Fulfilling these conditions is a complex and painful step towards many Ukrainians, which may lead to deterioration in the well-being of citizens. Therefore, it is not surprising that the Cabinet has for months been engaged in a difficult dialogue with the IMF to choose the right mechanisms for fulfilling said obligations.
At the same time, the consequences of a failure to receive the next tranche may be even worse. Therefore, the government faces a difficult task - to fulfill the IMF requirements with protecting low-income citizens and at the same time preserving the population's solvency.
Continued cooperation with the IMF will undoubtedly have a positive impact on the national currency rate, which is now seeing a trend for devaluation. From August 13 to August 17, the NBU lowered the official rate from UAH 27.24 to UAH 27.67 per dollar. Over the same period, the rate on the interbank foreign exchange market fell from UAH 27.36 to UAH 27.91 per dollar.
The NBU rushed to reassure that fluctuations are not a sign of a crisis, while the growth of the dollar is affected by the seasonal factor.
"Seasonality depends on the agricultural period. We are an agrarian country. Today, about 45% of exports are agricultural products. Ukraine exports grain. Ukraine is No.2 in corn exports. We top the list of sunflower oil exporters. When there is export, there are proceeds. On the other hand, one must understand that Ukraine has an economy that is not entirely on the bright side. In particular, most of the agricultural sector remains in the shadows," Deputy NBU Governor Oleh Churii told NV Radio.
He also recalled that in 2016, fluctuations began in September, in 2017 it was August, and this year, the start was in July.
"The reason is simple. The rate is important for businesses and the public. They looked at this and realized that there was no point in waiting for September, so they bought currency in August. I think that this year there was a similar situation. We see here a psychological effect. I would not say what's happening today is panic, but there is certain nervousness. Fluctuations are not a sign of a crisis,"Churii said.
Omelyan and "bears"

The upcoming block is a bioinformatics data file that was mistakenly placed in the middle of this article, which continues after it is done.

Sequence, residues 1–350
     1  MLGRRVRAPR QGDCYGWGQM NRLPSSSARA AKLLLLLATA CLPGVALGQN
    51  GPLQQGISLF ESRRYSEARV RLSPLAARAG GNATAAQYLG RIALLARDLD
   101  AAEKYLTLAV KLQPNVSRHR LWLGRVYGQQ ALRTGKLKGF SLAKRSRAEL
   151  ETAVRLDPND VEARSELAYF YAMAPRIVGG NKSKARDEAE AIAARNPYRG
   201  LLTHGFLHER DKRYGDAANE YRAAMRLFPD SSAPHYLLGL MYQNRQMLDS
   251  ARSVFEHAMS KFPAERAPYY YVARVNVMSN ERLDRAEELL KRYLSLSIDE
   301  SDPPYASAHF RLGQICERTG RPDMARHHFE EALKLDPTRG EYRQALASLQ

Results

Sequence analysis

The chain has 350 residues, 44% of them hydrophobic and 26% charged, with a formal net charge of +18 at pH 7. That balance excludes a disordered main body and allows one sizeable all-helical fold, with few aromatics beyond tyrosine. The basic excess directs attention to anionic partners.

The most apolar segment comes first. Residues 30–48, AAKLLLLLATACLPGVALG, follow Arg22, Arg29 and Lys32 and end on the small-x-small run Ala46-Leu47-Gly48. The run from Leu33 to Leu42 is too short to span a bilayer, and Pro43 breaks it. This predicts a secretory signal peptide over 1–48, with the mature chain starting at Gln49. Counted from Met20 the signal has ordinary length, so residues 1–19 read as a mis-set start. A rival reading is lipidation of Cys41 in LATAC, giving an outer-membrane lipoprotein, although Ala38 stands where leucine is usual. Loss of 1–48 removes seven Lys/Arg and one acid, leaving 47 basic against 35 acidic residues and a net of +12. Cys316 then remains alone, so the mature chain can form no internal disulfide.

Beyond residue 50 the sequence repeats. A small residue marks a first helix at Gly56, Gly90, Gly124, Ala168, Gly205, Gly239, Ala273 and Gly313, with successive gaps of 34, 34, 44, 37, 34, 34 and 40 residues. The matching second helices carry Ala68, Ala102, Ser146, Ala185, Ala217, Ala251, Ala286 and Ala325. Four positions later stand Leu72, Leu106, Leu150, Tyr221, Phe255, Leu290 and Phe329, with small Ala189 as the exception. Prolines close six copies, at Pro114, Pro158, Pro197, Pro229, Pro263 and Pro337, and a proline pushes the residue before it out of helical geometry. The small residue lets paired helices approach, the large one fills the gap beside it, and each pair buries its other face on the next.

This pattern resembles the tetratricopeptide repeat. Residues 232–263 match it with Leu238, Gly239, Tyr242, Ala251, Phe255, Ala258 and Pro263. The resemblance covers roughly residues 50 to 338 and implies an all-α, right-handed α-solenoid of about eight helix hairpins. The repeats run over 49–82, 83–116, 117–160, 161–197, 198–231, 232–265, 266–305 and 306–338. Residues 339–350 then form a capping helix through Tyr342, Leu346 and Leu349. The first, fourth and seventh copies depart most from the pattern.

This week, Minister of Infrastructure Volodymyr Omelyan made another loud statement about the termination of passenger railway communication with the aggressor state, Russia.
"Today I signed a historic document. Only bears will go to Moscow, as in the good old days," the minister wrote on his Facebook page.
Later he explained that the Ministry of Infrastructure had developed a number of countermeasures to counter and terminate cooperation with the Russian Federation, which has been carrying out aggression against Ukraine for more than four years already. The proposals will soon be submitted to the Government for consideration.
"We believe that in the conditions of war there can be no talk of any normal cooperation with the Russian Federation. Whether people like it or not, Ukraine's actions must be tough and adequate. One of the elements that we propose for government approval is to cancel passenger rail transportation [to and from Russia]," he said.
"I believe we will protect Ukrainians in this way, those who continue traveling to the Russian Federation at their own risk, from being abducted or getting into the clutches of the FSB or other law enforcement agencies in Russia. We see that such cases have become frequent. Secondly, and this is key: if we're at war, there is no need to go there," Omelyan stressed.
It is not yet clear how the termination of passenger railway ties will hit Putin's Russia and stop the Ukrainians, who, despite the aggression, continue their Russia travels on business and family matters. Moreover, it is possible to get to Russia on another railway line, for example, via Belarus, which, incidentally, is a no less dangerous place.
Next week also promises to be interesting. The country will celebrate Independence Day, the State Statistics Service will publish data on industrial production and retail trade turnover for seven months, and after a three-week break, a Cabinet meeting may possibly be held, at which the issue of changing gas prices for the population may be considered.